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on the clock. and almost immediately, they scored a wonderful goal to give a 2-1 win. the really big win is on score 5-0. he completed his hat trick in the second half. he's now scored ten goals in his last three games. >> well, gaining themselves the perfect gift to celebrate the 122nd anniversary with a win over chelsea. they showed the team level at halftime, but the half side dominated after the break. they should have scored more. it was surely an unhappy homecoming. let's look at the other result.
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>> well, to the asian champions league the semifinal stage. in the first leg on tuesday, they would open the scoring in the 57th minute. they would manage with eight minutes left coming in from the corner. >> now one of the men hoping to become the next fifa president said that there needs to be an emergency meeting in wales. they believe an interim task force should take over from sepp blatter, who is now the subject of a criminal investigation. he was back at headquarters on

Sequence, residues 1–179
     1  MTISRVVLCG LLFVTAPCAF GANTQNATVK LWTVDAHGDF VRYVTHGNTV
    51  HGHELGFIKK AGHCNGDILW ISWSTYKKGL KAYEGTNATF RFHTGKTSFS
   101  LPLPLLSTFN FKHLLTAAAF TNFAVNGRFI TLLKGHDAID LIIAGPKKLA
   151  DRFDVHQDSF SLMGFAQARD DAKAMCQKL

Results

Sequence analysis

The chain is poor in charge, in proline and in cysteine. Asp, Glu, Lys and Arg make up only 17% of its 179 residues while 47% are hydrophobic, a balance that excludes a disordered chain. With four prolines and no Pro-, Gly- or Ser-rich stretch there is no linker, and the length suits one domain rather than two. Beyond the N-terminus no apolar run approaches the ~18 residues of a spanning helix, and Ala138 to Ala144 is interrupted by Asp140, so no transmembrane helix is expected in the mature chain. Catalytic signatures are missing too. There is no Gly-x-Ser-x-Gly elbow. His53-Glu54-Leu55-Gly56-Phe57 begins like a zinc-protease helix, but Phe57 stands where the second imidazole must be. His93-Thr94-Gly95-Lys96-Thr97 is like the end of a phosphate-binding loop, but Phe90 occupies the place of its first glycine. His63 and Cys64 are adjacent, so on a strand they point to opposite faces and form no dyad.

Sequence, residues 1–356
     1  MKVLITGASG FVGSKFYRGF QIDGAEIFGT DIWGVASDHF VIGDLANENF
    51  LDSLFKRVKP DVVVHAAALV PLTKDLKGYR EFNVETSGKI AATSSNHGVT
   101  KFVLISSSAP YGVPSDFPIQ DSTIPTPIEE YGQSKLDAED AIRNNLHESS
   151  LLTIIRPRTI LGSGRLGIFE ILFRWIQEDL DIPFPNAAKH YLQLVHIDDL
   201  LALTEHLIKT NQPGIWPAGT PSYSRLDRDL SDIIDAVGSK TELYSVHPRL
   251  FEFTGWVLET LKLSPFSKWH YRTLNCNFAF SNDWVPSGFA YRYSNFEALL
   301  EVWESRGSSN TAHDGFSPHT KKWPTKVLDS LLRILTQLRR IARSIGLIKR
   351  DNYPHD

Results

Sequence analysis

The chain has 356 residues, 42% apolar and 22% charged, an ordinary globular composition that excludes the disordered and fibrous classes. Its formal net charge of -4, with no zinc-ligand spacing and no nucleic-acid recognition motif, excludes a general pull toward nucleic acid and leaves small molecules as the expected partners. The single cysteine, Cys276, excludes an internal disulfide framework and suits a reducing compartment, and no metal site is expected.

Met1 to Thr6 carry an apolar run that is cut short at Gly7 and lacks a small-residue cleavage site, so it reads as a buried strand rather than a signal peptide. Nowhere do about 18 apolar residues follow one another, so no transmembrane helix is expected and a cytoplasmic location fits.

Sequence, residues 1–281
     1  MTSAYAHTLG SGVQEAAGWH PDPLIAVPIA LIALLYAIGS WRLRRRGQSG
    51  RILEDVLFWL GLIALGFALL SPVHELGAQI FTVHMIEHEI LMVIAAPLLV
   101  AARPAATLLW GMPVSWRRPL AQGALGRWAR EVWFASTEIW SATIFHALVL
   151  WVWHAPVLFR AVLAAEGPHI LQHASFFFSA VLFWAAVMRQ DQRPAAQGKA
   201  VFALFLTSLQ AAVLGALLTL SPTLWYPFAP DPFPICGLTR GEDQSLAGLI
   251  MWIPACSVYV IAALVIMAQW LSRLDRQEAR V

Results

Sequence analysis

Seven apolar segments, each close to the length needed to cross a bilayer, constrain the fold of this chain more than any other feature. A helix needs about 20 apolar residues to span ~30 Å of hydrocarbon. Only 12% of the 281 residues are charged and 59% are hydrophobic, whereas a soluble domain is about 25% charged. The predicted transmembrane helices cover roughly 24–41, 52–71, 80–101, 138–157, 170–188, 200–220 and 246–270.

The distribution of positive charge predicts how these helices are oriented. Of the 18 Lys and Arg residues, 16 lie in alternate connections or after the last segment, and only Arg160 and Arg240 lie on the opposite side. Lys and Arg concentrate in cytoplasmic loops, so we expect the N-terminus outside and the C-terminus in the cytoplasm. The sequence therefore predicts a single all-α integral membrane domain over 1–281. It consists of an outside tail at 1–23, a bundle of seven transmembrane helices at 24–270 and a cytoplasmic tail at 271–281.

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tuesday. on monday his lawyers released a statement saying that he had done nothing illegal or improp improper. blatter is accused of making a disloyal payment to the head of uefa football michel plantiti, who denies any wrongdoing. the attorney general giving up the investigation of the payment to the uefa president. >> there was the investigation of mr. blatter. and also michel platini. >> if i was satisfied or not i can't help you because i would reveal big damage to the